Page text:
Guillermo Marini will deliver April’s Engage with Ideas talk tiled Everyday Aesthetics in Education: Designing Temporal Experience in School. Guillermo will discuss time as a key dimension of pedagogical experience. His talk is based on a research which explored how time is manifested in Chilean primary schools. A photo of a poster from one of the schools which participated in the research provides an example of how time can be visually represented, in this instance, by its ‘Cartesian’ grid structure, but also how colour was used to code the subjects and year levels.
A poster showing a schedule for classes for one of the municipal school’s terms.
(Marini & Rodríguez Merchán, 2020, pp. 532–533)
He will argue that the habitual design of classroom schedules seems to imply that what students share with their classmates is fundamentally age; that all students need to learn and approve the same contents exactly at the same rhythm; and that there is a pervasive efficiency-oriented way of dealing with time that renders relaxation, slowness, delay and interruption as anti-educational traits.
In relation to such experience of time, Guillermo will propose that everyday classroom movements tend to remain indifferent to student’s identities and sensibilities, which, he argues, is due to the anonymous use of classroom space, and the uncritical repetition of physical routines that presume learning has to do with static and indoor exchanges, rather than playful and outdoor activities.
He will discuss how Sakuteiki, the ancient Japanese gardening manual has inspired him to tackle the above conceptual and practical shortcomings. In the manual, Tachibana no Toshuitsuna proposes a series of orientations that affect, and sometimes dictates, the temporal unfolding of experience by means of a peculiar design of walkways and bridges.
One orientation is Suji Kaete (changing the axis) ‘One frequently employed strategy for making the walking experience enriching and stimulating is to make the path marked by stepping stones and pavements meandering rather than straight. The effect of such an arrangement is that the walker is encouraged to pause and slightly alter the direction in the middle of the otherwise straight path or bridge, which provides a different view of the garden’ (Saito 2017, p. 155).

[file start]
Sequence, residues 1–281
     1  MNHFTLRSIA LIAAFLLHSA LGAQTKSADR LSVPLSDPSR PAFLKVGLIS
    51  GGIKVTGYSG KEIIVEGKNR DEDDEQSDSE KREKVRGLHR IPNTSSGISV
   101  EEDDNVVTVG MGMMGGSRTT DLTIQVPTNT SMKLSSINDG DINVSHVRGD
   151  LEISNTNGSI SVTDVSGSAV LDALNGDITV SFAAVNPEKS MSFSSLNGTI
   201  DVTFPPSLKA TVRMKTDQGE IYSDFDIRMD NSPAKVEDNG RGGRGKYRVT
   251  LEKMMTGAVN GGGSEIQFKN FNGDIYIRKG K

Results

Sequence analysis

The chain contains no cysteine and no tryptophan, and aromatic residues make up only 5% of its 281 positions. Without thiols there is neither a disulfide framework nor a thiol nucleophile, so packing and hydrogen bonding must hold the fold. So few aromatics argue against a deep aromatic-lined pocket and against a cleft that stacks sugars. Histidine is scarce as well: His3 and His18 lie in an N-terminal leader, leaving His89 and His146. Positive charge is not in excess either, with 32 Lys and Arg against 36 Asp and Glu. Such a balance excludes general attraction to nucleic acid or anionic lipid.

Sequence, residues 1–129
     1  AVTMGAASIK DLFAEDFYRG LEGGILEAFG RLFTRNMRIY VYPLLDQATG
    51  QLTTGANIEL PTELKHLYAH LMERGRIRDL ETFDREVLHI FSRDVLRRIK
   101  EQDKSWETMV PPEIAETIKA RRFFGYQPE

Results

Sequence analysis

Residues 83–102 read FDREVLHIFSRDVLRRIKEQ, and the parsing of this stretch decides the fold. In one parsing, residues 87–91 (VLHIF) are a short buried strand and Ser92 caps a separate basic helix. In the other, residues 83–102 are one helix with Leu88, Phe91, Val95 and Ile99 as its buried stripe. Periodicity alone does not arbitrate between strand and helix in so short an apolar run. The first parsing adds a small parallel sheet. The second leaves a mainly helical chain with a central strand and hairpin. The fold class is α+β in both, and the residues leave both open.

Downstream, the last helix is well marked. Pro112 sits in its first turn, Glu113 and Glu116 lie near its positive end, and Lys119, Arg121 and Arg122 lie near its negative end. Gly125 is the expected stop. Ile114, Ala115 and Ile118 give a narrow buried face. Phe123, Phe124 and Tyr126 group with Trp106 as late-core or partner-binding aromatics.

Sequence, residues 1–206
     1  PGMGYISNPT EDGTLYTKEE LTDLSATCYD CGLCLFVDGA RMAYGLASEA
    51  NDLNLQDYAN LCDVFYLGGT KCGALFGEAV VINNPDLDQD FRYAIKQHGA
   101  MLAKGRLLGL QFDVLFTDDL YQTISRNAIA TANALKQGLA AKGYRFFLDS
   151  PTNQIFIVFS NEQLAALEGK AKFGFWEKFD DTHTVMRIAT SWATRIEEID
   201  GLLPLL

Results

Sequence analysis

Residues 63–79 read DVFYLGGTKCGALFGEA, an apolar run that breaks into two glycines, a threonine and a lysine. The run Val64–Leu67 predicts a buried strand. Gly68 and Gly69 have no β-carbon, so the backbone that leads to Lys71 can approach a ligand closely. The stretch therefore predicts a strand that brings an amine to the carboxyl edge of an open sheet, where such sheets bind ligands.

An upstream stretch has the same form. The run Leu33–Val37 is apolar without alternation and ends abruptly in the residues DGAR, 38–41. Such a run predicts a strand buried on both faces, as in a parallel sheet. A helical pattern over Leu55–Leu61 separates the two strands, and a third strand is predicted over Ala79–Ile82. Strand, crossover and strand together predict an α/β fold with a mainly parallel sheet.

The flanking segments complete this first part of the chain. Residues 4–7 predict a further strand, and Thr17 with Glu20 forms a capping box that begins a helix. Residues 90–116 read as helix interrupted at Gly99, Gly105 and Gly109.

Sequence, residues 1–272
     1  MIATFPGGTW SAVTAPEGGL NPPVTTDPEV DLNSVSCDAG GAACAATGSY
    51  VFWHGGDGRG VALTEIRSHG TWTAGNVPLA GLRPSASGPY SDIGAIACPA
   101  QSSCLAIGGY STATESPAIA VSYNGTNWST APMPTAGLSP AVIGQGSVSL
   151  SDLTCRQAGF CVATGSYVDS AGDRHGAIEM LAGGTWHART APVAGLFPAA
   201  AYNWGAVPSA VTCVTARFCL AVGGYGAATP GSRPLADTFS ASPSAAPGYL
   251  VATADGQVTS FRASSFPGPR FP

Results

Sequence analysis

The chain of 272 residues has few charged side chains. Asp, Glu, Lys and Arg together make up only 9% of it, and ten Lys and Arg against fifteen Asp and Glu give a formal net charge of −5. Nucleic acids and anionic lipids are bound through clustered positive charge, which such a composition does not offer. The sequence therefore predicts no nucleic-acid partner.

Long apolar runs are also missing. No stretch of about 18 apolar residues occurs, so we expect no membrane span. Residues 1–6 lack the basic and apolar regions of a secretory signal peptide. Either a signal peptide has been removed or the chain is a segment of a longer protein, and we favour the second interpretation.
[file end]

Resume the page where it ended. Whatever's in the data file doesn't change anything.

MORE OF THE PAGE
Another orientation Miegakure (now you see it, now you do not), achieved by intentionally blocking or partially obscuring a scenic view, giving us only hints and glimpses, what excites us and invites us to proceed (Saito, 2017, p. 160).
Both Suji Kaete and Miegakure help to reconcile subjective paces with the development of everyday school experience, body movement with learning, interruption with education, and surprise with the joy of going back to school.
Guillermo Marini is Associate Professor at the School of Education, Pontificia Universidad Católica de Chile. He holds an EdM in Arts in Education from Harvard University, and a PhD in Philosophy and Education from Columbia University. His research and teaching focuses on everyday aesthetics in education, arts-based methodologies, and the dialogue between those who build and inhabit the school. He has published in Journal of Philosophy of Education, Studies in Philosophy and Education, Journal of Aesthetic Education, ARQ, Visual Communication, Visual Ethnography, International Journal of Education through Art, International Studies in Catholic Education, Trans/Form/Açao and Educaçao e Sociedade.
Marini, G., & Rodríguez Merchán, J. D. (2020). Images of School Times: Organizing Rhythms, Revealing Pedagogies. Visual Communication, 19(4), 531–540. https://doi.org/10.1177/1470357219891747
Marini, G. & Rodríguez Merchán, J. D. (2021) Reconsidering time in schools: an everyday aesthetics perspective. Journal of Philosophy of Education, 55: 893–904. https://doi.org/10.1111/1467-9752.12592
Saito, Y. (2017) Aesthetics of the familiar: everyday life and world-making. Oxford: Oxford University Press.
Bookings are closed for this event.